Senator Olympia Snowe (R-ME)

July 22, 2008

   Ms. SNOWE. Mr. President, I rise to mark a dark anniversary for the Hellenic-American community, and its Cypriot members in particular. Thirty-four years ago this week, the armed forces of Turkey violated the sovereignty and territory of the Republic of Cyprus by illegally invading and ultimately occupying its northern third.

   The continued division and military occupation of Cyprus by Turkey remains a gross violation of the human rights and fundamental freedoms of all Cypriots and a blatant disregard for the rule of law. The European Court of Human Rights has repeatedly condemned Turkey for violating fundamental rights of Cypriots such as the right to life, the right to liberty and security, the right to the protection of property and the prohibition of inhuman or degrading treatment—rights we as Americans also regard as sacrosanct.

   Throughout these decades of injustice, the Greek Cypriot community has sought a just resolution to the "Cyprus Question.'' And we are certainly at a potentially historic crossroads in the effort to end this tragic division. With the February election of President Christofias and his focus on engaging the Turkish Cypriot community, the coming months may turn out to be among the most consequential in the island's long history. Certainly, for the people of the Republic of Cyprus, the illegal occupation of the north cannot come to an end soon enough.

   Meeting with Cypriot Foreign Minister Markos Kyprianou in early April, I was therefore heartened to hear in detail about the progress made at President Christofias' March meeting with Mehmet Ali Talat, the leader of the Turkish Cypriot community, which resulted in the establishment of working groups on the outstanding substantive issues to be resolved between the two communities. Shortly thereafter, the two communities opened a critical border crossing on Ledra Street in the heart of Nicosia in early April. The two leaders have met twice more to review the progress of the working groups, and are scheduled to again meet at the end of this week.

   These efforts only strengthen my long-held commitment to work to ensure that the United States stands by its close ally, the Republic of Cyprus, to achieve a resolution to the tragic division of the island that is fair to Greek Cypriots. As we learned from our experience with the justified rejection of the Annan Plan by Greek Cypriots in 2004—the Cyprus Question is one that can only be resolved through mutual agreement on a solution, not an imposition of one.

   The magnanimity of the Greek Cypriot community in seeking a fair solution to the division of the island despite the injustices they have suffered for nearly three and a half decades was also highlighted for me in October, when I met with the Mayor-in-exile of Famagusta, Alexis Galanos, concerning the Republic's hope for the orderly resettlement of the "ghost neighborhood'' of Varosha by its rightful inhabitants under U.N. administration, which would also open the harbor for use by both communities. Support for this plan—which the international community called for in United Nations Security Council Resolution 550 of 1984—demonstrates not only the willingness but also the wisdom of the Greek Cypriot community in seeking just and workable outcomes to seemingly intractable problems on the island. I am pleased to be working with Ambassador Andreas Kakouris of Cyprus to garner congressional support for this initiative.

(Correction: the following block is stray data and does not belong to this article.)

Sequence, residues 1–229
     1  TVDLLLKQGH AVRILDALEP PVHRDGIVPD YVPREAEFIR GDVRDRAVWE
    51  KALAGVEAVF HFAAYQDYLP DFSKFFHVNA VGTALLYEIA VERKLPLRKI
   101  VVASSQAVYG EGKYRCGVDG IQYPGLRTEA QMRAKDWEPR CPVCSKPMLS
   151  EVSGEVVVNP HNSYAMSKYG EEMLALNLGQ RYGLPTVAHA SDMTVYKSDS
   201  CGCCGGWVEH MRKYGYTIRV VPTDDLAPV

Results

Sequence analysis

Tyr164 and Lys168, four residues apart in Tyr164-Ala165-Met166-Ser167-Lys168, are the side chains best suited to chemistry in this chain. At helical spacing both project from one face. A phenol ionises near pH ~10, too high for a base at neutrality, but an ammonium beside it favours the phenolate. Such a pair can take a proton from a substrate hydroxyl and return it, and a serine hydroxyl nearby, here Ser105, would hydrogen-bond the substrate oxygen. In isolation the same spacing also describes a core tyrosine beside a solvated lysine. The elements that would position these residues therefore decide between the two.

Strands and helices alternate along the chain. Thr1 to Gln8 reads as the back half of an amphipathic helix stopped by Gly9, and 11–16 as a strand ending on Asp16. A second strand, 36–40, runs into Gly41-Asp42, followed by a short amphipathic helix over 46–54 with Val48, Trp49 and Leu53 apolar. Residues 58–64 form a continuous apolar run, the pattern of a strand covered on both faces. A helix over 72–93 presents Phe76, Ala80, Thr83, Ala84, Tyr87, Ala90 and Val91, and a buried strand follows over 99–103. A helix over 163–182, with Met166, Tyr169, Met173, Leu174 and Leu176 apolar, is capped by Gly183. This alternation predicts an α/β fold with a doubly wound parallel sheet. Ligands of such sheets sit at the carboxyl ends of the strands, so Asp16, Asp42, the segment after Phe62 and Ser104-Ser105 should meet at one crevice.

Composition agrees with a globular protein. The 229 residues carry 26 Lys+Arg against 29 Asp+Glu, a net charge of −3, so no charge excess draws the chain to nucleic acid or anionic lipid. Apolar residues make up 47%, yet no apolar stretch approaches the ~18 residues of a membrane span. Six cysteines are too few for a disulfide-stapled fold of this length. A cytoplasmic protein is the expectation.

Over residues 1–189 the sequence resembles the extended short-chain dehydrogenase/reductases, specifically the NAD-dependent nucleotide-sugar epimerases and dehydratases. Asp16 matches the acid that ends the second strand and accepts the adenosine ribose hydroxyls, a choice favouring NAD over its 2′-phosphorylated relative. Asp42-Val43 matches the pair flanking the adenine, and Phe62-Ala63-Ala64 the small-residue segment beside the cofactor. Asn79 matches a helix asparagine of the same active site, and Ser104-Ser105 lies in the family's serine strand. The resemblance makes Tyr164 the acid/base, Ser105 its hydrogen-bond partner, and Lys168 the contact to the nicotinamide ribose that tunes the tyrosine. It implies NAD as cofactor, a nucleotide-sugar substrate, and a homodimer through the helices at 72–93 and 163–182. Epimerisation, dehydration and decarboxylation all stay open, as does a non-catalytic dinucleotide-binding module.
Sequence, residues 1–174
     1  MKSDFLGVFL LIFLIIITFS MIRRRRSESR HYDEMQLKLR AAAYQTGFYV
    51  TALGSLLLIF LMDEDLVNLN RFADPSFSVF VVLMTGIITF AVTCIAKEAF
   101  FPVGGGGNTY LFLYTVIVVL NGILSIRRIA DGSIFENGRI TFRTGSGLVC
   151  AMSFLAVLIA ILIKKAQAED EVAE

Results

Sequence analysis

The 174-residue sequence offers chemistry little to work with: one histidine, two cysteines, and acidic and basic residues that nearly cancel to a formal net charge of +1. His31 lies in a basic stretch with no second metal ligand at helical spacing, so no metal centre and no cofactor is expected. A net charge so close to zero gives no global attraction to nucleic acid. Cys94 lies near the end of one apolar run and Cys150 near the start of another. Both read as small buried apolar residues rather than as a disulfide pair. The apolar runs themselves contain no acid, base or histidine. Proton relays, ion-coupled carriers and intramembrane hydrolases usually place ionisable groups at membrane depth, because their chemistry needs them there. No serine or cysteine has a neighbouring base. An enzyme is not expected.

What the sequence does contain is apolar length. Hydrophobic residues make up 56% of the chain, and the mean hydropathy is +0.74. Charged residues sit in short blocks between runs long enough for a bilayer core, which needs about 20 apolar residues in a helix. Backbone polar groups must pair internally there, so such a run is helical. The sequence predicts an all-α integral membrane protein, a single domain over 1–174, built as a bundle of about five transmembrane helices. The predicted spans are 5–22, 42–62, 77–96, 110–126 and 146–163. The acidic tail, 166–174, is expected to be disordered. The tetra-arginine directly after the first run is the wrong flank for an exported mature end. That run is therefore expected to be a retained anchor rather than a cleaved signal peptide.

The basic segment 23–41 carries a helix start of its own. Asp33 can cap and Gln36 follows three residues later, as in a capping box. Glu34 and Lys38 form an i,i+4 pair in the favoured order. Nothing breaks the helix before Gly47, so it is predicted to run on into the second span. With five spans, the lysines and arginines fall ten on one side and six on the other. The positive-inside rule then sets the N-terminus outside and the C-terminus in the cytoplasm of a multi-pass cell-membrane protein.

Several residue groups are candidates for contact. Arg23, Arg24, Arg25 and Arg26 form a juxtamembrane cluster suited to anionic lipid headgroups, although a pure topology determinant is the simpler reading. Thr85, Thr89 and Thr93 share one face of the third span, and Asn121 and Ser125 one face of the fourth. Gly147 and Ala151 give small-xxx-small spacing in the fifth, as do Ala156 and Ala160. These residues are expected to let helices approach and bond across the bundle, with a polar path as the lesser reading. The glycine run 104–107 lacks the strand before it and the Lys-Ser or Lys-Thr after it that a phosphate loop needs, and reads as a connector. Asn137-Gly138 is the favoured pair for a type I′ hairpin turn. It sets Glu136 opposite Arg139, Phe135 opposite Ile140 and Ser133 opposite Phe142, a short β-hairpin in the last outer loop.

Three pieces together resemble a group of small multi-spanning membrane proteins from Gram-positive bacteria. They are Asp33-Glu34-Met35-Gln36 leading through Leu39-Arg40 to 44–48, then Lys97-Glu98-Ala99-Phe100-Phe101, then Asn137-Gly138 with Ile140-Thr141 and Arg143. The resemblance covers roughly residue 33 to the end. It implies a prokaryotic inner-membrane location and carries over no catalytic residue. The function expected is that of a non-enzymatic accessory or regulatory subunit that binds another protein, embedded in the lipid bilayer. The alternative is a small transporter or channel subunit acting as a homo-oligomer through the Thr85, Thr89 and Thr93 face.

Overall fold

Moreover, the United States should be doing its part to address one of the most devastating effects of the occupation on Cypriot-American families by providing the means for U.S. citizens with claims to property in the Turkish-occupied north of Cyprus to seek redress for the homes that have been destroyed or taken from them. The invasion by the Turkish troops in 1974 forced nearly 200,000 Greek Cypriots—nearly one-third of the Cypriot population at the time—from their homes, making them refugees in their own country. A large proportion of the properties from which the Greek Cypriot owners were expelled was unlawfully distributed to the tens of thousands of illegal settlers from Turkey. An estimated 7,000 to 10,000 U.S. citizens of Cypriot descent have claims to such properties.

   That is why my colleague Senator Menendez and I have introduced the American-Owned Property in Occupied Cyprus Claims Act, which would direct the U.S. Government's independent Foreign Claims Settlement Commission to receive, evaluate, and determine awards with respect to the claims of U.S. citizens and businesses that lost property as a result of Turkey's invasion and continued occupation of northern Cyprus. The bill would further grant U.S. Federal courts jurisdiction over suits by U.S. nationals against any private persons occupying or otherwise using the U.S. national's property in the Turkish-occupied portion of Cyprus. The act would expressly waive Turkey's sovereign immunity against claims brought by U.S. nationals in U.S. courts relating to property occupied by the Government of Turkey and used by Turkey in connection with a commercial activity carried out in the United States.

   More than just providing redress to Cypriot-Americans who have had their ancestral homes taken from them, this legislation would uphold the larger shared values of justice and personal dignity that the citizens of both the United States and the Republic of Cyprus value so highly. It is my hope and pledge that, whatever progress is made in the current talks between the two communities on the island, the United

States will continue to stand by its close ally to ensure that fairness is not sacrificed in the interest of expediency. For it is not just the rights of the Greek Cypriot community that are at stake, but the viability of the human and civil rights that all democracies—that most enduring of Hellenic institutions—hold most dear.